Emmanuel Gustin
This is the story of the First Opium War and how it influenced the relation between China and the West. Lovell describes the First Opium War in great and fascinating detail. This notorious conflict was a lot more complex, and far more confused, than the traditional potted history allows for, and its story would have been almost comical if the Chinese people had not suffered so much in this war. A war which was fundamentally a power struggle between the British invaders and the Manchus, themselve ...more
The recent events in China attracted me to reading this book which was long pending in my shelf. What a bravura achievement! The far reaching significance of the Opium war is now clear. The author has comprehensively researched the annals of the Chinese history with both primary and secondary resources to narrate the telling tale of the fight against the British imperialism by the Chinese. The level of deception by the Chinese Generals to keep the Emperor in the dark of the goings on during the ...more
I will admit I came to this after finishing Flashman and the Dragon, so with a sort of context.

"The Opium War" though is a very readable account of an often overlooked part of British and Chinese history that brings no credit to either side, and has had long lasting implications, I enjoyed it. Lovell is clearly an expert, but doesn't overwhelm. She describes the wider context, both historically and at the time very well giving a great picture of an unjust war fought against an incompetent and co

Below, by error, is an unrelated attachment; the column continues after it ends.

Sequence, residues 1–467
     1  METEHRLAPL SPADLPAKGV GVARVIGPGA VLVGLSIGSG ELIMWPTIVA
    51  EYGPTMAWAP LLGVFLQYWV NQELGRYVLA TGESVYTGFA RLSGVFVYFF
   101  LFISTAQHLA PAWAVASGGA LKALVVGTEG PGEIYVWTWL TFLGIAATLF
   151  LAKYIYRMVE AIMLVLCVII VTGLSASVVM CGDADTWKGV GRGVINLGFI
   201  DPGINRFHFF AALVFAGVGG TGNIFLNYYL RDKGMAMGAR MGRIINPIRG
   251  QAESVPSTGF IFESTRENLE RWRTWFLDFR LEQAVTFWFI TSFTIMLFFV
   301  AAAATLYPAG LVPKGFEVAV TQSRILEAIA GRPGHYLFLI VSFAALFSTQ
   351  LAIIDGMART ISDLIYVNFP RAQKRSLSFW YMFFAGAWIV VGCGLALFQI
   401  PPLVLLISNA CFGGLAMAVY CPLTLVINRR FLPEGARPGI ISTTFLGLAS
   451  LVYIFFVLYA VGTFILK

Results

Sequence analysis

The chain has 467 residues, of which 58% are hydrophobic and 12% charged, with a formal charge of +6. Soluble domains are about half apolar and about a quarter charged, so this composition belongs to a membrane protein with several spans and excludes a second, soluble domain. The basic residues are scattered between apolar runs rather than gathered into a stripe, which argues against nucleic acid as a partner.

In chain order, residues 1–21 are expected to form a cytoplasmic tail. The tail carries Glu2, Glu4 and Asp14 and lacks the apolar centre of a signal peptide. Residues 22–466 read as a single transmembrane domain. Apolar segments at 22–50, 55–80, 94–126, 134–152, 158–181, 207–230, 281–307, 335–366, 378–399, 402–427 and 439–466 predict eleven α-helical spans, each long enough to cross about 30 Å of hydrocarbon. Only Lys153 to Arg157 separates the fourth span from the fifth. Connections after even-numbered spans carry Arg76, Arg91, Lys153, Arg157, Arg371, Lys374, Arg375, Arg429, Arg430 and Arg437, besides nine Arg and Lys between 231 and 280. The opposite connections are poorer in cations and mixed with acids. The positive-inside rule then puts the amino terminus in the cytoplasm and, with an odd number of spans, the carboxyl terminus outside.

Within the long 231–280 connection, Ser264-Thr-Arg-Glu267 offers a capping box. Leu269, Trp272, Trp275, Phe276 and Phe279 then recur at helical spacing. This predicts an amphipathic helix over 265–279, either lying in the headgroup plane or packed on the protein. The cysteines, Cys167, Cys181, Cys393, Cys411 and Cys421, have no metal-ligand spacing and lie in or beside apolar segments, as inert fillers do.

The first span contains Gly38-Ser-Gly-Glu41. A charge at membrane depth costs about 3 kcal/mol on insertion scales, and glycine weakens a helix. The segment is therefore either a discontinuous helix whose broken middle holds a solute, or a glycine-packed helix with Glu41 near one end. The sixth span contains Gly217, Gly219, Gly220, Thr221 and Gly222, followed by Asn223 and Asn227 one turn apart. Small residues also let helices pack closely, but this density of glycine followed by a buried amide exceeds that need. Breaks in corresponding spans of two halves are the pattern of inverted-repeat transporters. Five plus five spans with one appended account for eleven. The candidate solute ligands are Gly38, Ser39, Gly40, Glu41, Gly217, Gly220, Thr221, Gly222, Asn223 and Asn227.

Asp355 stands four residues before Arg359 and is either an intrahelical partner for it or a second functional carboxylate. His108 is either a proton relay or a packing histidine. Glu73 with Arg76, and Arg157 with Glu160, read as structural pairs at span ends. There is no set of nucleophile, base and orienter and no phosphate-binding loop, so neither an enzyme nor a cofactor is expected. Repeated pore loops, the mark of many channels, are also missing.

Daniel Farabaugh
This is a topic that I really only knew the bear bones about so I was happy to find a book to fill in the details. It does a good job with the causes and events of the war. It gets a bit slow when it discusses the legacy of the war.
The first part was solid, the last parts were almost stream of consciousness, which is hard for non-fiction. There was a lot of good info and insights into a piece of history that I knew little about.
Terry Quirke
Sadly disjointed book which isn't really true to its title. Lovell provides good coverage of the first opium war but then covers the second in one chapter and spends the remaining exploring different tangents including racism and how the opium wars have been used as a convenient cover to distract attention. Didn't live up to my expectations considering the rating the book has on Goodreads.
The later sections become summaries with a lot of editorializing, but still a good book on the first Opium War, especially from the Chinese perspective.
Informative and a sometimes riveting narrative style delivery but verged at times to sarcasm aimed at both the Chinese and the British. No doubt deserved but maybe a little too obvious for my liking. I would add that the 2nd Opium War received one far too short chapter.
The final couple of chapters, consisting of discussion on how the Chinese used the Opium Wars for propaganda purposes, was interesting but were far too long when there was a very good story of the entire wars to be told. Maybe th
Gerhard Greyvensteyn
A fascinating (hi)story, told with great enthuasiasm, attention to detail, and most of all, a wry and ironic tone-of-voice. An absolute delight.